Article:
Published• Wed, May 08, 2013
By Thom Nickels
We live in a hairy age, when stubble or hair on a man’s face is thought to be a wonderful thing. Proof of this is all around: full beards on the pasty white faces of twenty two year olds; Ho Chi Minh goatees on the chins of drug dealers, the homeless, karate kids, bankers, supermarket clerks and bicycle messengers. And in that other hairy world, or the world of facial stubble, the famous five o’clock shadow has become the nearly permanent ten o’clock shadow, proving—as if you needed proof at this point—that this is the season of facial hair.
If you want additional proof that the beard is king, stand under the El at Front and Girard on a Friday evening as students from Penn, Drexel and Temple stream onto Girard Avenue from the El to the Fishtown bars. Try counting the number of men with beards and I guarantee your mental calculator will go off the charts as the number of beards will spin into the hundreds.
While beards look great on some people, the operative word here is some. The beard, or the ten o’clock permanent shadow, has become a sort of conformist non-conformity badge, like tattoos and piercings. Men today grow beards whether or not they have faces that look good in hair. Only one thing matters: to have a beard! With so many faces hidden behind Jerry Garcia paste-on hair, it’s as if life has become a never-ending celebration of Halloween.
"Boys across the country are laying down their razors and fighting back against metrosexual revolution. It’s back to feeling like we’re kissing mom’s sewing needles. Now guys are proud to show their man mess in the face area," wrote a blogger named College Candy a few years ago.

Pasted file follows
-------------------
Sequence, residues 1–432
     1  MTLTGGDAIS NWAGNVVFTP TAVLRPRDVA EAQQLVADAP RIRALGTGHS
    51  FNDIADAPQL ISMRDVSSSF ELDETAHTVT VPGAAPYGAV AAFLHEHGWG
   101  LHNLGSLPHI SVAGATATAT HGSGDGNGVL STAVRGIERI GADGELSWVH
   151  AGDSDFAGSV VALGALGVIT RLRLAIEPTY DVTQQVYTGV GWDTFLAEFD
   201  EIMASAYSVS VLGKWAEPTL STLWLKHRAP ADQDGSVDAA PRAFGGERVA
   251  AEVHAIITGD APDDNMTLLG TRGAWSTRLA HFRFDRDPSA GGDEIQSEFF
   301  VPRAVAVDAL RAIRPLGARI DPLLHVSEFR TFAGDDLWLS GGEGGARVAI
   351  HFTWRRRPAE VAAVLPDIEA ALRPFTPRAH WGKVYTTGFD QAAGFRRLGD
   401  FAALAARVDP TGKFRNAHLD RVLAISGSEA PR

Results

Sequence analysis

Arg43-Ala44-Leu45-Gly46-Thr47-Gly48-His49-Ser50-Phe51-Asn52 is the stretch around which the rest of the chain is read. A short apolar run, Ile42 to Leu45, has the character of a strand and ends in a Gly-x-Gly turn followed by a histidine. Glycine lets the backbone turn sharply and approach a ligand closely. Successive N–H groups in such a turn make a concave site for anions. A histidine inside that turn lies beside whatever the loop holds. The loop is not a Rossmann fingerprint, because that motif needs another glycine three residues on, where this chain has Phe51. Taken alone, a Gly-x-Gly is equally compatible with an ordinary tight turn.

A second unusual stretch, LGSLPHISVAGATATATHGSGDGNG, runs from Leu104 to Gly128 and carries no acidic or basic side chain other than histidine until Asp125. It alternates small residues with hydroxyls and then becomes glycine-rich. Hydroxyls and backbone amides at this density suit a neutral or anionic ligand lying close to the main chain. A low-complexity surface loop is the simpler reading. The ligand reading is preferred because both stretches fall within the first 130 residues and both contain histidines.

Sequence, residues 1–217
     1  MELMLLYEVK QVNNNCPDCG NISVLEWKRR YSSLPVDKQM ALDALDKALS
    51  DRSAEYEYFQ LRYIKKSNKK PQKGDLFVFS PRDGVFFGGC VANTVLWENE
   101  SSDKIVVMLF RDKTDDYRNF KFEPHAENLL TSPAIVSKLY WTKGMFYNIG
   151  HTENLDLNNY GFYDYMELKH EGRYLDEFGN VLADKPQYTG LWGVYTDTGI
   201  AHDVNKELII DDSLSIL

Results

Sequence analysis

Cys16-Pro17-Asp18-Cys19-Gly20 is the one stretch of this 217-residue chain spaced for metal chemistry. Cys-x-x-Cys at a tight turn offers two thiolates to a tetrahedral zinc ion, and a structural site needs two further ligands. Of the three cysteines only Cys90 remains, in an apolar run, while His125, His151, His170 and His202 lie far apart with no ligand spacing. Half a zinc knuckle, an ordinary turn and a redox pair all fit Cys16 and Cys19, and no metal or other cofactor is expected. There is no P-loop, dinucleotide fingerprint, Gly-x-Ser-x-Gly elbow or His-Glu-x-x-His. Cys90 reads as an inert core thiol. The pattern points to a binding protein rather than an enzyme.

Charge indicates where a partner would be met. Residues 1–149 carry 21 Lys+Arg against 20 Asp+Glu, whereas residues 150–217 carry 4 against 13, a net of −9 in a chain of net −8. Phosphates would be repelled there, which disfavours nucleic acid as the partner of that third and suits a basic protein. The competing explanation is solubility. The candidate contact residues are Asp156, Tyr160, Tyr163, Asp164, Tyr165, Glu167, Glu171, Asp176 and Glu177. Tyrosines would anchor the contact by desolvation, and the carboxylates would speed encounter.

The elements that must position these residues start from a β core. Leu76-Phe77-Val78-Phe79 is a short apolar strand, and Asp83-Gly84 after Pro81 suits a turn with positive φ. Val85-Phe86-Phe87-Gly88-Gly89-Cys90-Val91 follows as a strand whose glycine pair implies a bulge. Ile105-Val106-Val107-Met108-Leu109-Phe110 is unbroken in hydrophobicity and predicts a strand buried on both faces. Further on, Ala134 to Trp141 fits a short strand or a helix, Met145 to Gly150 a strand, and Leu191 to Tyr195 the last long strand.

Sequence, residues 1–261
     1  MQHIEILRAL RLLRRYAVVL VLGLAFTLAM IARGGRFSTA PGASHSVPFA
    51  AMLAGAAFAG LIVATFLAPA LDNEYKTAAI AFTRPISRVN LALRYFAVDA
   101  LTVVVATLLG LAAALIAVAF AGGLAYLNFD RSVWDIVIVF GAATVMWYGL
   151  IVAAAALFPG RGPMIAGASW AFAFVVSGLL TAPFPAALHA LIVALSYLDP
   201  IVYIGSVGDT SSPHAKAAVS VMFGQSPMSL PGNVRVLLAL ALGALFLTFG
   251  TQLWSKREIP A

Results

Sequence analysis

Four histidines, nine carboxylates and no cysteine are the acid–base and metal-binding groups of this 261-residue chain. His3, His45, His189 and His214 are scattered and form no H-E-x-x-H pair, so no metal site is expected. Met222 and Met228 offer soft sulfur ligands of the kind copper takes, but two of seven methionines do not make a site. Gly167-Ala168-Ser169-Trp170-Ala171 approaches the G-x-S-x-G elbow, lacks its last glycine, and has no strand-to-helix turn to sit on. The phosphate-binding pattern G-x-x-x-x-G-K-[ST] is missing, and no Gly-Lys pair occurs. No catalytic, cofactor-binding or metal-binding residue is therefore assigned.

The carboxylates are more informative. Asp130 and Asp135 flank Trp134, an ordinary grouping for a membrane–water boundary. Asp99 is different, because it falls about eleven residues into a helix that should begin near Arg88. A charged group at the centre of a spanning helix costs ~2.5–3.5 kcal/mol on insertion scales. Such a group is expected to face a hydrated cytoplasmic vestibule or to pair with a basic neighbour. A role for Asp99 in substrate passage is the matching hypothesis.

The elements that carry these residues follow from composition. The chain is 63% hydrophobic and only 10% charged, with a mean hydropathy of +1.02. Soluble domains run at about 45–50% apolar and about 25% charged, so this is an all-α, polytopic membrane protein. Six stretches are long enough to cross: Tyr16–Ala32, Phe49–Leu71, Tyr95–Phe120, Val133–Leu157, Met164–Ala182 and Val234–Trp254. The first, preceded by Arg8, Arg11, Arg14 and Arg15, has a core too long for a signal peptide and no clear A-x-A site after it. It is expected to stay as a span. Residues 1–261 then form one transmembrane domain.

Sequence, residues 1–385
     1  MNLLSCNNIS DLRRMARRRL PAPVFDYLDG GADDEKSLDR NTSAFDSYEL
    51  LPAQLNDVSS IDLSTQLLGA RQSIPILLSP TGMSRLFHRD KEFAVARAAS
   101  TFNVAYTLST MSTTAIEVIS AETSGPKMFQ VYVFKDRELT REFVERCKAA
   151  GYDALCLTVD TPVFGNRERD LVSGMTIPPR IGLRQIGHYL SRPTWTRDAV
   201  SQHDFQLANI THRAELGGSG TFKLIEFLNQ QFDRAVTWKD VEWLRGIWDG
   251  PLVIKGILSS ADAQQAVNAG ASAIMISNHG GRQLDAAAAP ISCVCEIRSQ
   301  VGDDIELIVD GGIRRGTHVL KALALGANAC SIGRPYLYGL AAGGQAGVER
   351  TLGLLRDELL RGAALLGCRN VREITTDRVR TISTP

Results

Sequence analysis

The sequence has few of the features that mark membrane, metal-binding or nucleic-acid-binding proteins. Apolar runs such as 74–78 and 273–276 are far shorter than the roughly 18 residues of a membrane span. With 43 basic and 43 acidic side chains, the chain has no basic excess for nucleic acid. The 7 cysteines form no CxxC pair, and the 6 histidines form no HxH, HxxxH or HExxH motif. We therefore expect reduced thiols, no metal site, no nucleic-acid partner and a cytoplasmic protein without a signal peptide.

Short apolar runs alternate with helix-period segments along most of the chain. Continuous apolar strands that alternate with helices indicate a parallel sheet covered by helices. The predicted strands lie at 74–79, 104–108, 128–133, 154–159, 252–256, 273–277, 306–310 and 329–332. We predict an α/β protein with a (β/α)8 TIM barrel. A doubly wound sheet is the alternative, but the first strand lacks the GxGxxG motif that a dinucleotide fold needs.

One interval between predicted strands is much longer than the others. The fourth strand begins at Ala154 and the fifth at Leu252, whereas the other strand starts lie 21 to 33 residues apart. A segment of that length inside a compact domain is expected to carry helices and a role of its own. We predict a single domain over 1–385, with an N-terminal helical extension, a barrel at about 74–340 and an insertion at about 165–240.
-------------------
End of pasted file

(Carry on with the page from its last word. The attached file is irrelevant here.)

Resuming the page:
I grew a beard at 22 because I wanted to emulate my college literary hero, D.H. Lawrence, who sported a beard to die for. I began with a goatee but because the goatee didn’t grow in properly (think hairless gaps), I opted for a trim beard around the jawbone (as opposed to a full Moses beard). Unfortunately, the finished hairy product got poor reviews from the people I used to hang with. "You know," one friend confided, "why do you go out of your way to make yourself ugly?"
I was devastated. My jawbone beard was filled with empty spaces where hair would not grow. "Life’s not fair," I thought, "why do I have beard gaps?" I wasn’t thrilled when those same friends compared my beard to a "bad imitation of Abraham Lincoln."
Since that time, I’ve shaved every morning except during those periods when I took long or short forays into the Land of the Mustache. I never experienced any hairless gaps when I had a ‘stache and in fact I even went so far as to spruce things up with various shades of mustache wax. Then they stopped selling mustache wax, and I thought, "Enough—this is too much work, more work than shaving as a matter of fact." It didn’t help matters any when I started to notice a few gray facial hairs. I’m a fan of many things in life, but gray hair is not one of them.
A recent article on philly.com cited a survey of 351 women in which the women were asked to rate a man’s appearance in terms of facial hair. Are bearded men more attractive than clean-shaven or stubbly-faced men? By a slim margin, the women found that men with at least a 10-day growth of stubble were the most attractive, and that overall hair on a man’s face conveyed "masculinity and maturity." In addition, most of the women thought that bearded men or even those with thick ten o’clock shadows had potential "good parenting skills." (Yes, you read that right.) While fully bearded Moses-style men and clean-shaven guys also scored high in the survey, men with a 10-day growth of stubble won hands down every time.